HOMEBREW Digest #3357 Wed 21 June 2000

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		Digest Janitor: janitor@hbd.org
		Many thanks to the Observer & Eccentric Newspapers of 
		Livonia, Michigan for sponsoring the Homebrew Digest.
				URL: http://www.oeonline.com

  Re: Diacetyl in SNPA? (Spencer W Thomas)
  blowing (Spencer W Thomas)
  Southwark White (LyndonZimmermann)
  Re: Blanche de Chambly yeast (Spencer W Thomas)
  Re: dry or wet crush (Spencer W Thomas)
  The Last Word On Carlton Light ("Phil & Jill Yates")
  Southwark and Mauri (Brad McMahon)
  temp controlers (Susan/Bill Freeman)
  Pop-tops, HSA ("Nathaniel P. Lansing")
  Dry yeast, Aromatic malt, experimental beer, etc. (Jim Adwell)
  HSA from "experts" ("Jim Busch")
  Kit beers, humour, pH, and (wait for it) Aliens! ("Brian Lundeen")
  Repost on Schlitz parameters and yeast question ("Dan Diana")
  Hop Growth Down Under ("Mike O'Rourke")
  BT Back issues ("Don")
  Bankrupt companies ("Nigel Porter")
  *** HBD SLAMDOWN! CANCELLED *** (mohrstrom)
  Re: HSA and Bud (Spencer W Thomas)
  Why do lagers take so long to clear? (Charley Burns)

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---------------------------------------------------------------------- Date: Tue, 20 Jun 2000 03:48:10 -0400 From: Spencer W Thomas <spencer at engin.umich.edu> Subject: Re: Diacetyl in SNPA? Doug, Go buy a little bottle of "artificial butter flavor." The flavor & aroma of this come almost exclusively from diacetyl. Add a drop to 12 oz of beer. Mix well. Sniff, swirl, taste. If one drop is too much, try diluting it first, then adding. Add another drop. Mix, sniff, etc. With the right dilution, as you increase the amount of diacetyl in the beer, you should first perceive a slight increase in sweetness, then a butter-like aroma, then an obnoxious buttered-movie-popcorn stench. I also find that I get a "tongue-coating," "slick" sensation from high levels of diacetyl. I find "butterscotch" when the underlying beer has a high level of maltiness, especially from caramel malts. Even if you don't get "butter" you should confirm (or, less likely, reject) your own sense of what diacetyl smells and tastes like. =Spencer Return to table of contents
Date: Tue, 20 Jun 2000 04:22:09 -0400 From: Spencer W Thomas <spencer at engin.umich.edu> Subject: blowing On the occasions when I use a carboy (I'm usually doing my primary in a plastic bucket), I start the siphon by "blowing" with CO2. One of the hoses on my CO2 manifold has a "quick disconnect" fitting. One of the tools that I can attach is a standard "air chuck" (like you'd fill your tires with). And I forked out a dollar or so for a tire valve stem. I put the standard "orange cap" on the carboy, with the racking cane through the center hole. I press the base of the valve stem against the other hole in the cap, and apply the air chuck to it. With only a few pounds of pressure, the CO2 pushes the beer right up the hose and down the tube. Presto. No germs, no muss, no fuss. When I'm racking from the bucket, I usually fill the racking cane and tube with sanitizer (5-star StarSan or Oxine -- so no taste worries) and clamp the end of the tube. The tube-full of sanitizer goes into a small container to be discarded, then the beer goes into the receiving container. =Spencer Return to table of contents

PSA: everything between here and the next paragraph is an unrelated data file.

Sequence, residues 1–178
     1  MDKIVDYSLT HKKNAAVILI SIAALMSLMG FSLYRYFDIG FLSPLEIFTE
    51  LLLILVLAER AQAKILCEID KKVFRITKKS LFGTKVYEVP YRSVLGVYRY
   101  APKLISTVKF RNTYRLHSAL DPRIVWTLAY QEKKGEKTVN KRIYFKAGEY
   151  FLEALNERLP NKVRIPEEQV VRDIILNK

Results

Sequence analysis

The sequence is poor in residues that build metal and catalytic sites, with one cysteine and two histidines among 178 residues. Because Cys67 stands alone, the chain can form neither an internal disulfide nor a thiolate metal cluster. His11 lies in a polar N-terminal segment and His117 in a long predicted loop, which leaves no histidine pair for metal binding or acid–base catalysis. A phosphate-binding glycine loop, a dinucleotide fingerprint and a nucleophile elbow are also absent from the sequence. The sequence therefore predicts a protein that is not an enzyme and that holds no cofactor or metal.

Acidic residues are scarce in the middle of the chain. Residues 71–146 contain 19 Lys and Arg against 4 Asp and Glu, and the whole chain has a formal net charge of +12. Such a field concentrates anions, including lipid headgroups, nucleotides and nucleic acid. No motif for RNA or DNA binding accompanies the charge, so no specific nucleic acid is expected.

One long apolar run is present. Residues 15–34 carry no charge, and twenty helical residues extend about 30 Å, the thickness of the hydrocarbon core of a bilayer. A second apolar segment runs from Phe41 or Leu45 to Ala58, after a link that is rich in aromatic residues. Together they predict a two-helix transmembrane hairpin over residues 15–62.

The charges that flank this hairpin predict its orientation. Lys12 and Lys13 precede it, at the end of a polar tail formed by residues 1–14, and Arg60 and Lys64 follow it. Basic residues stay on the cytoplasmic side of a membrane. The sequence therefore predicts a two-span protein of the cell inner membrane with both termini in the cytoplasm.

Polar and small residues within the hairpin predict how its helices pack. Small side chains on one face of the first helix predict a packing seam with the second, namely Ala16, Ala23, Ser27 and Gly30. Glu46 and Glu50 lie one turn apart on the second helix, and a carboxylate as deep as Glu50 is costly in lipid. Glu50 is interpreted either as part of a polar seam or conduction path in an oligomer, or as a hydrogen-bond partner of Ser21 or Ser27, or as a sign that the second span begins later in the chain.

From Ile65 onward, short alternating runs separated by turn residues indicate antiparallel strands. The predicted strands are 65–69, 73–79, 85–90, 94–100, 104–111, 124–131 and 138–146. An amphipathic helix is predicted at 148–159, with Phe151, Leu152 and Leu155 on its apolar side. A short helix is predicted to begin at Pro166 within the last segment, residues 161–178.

Date: Tue, 20 Jun 2000 18:00:05 +0930 From: LyndonZimmermann <lyndonz at senet.com.au> Subject: Southwark White Greetings, To Phil Yates, yes, "Southwark" (South Australian brand owned by Lion Nathan) have released a White (wheat) beer. Pleasant drop, not big or phenolic, to be drunk cold. I tasted some during an Adelaide Amateur Winemakers and Brewers Club meeting there. They have to be pretty certain about the product, being able only to make mega batches. It's interesting they're using the "Southwark" label, it used to be the mass consumption label, then was shrunk to let "West End" become the leader and is now making a comeback with more interesting styles. It seems over here the younger generations don't drink what their parents drink, so the labels are rolled over and reinvented to provide brand loyalty. I met a few of their brewers, who have an interest and knowledge in beer way outside what they make, so maybe there is hope for big brand commercial Australian beer yet. I wonder what influence boutique home brewing has on the big companies, and what market share home and micro-brewing has. Lyndon Zimmermann Adelaide, Australia Lyndon Zimmermann 24 Waverley St, Mitcham, South Australia, 5062 tel +61-8-8272 9262 mobile 0414 91 4577 fax +61-8-8172 1494 email lyndonz at senet.com.au URL http://users.senet.com.au/~lyndonz Coming to the ISES 2001 Solar World Congress? Find out more at http://www.unisa.edu.au/ises2001congress Return to table of contents
Date: Tue, 20 Jun 2000 04:31:47 -0400 From: Spencer W Thomas <spencer at engin.umich.edu> Subject: Re: Blanche de Chambly yeast If all the Unibroue beers are made with the same yeast, then I've used it. This yeast is fast, alcohol tolerant, and quite neutral (for a "Belgian" yeast, anyway). I used yeast that had been isolated from "Fin du Monde" (highly recommended "tripel" style beer). It took a 1.080 wort to 1.010 in two weeks at about 60-65F. The resulting beer was fairly clean (hard to tell exactly how clean, as it was spiced), with almost no alcohol "heat." For that beer, I would actually have liked more yeast character. But the yeast certainly performed well. =Spencer Return to table of contents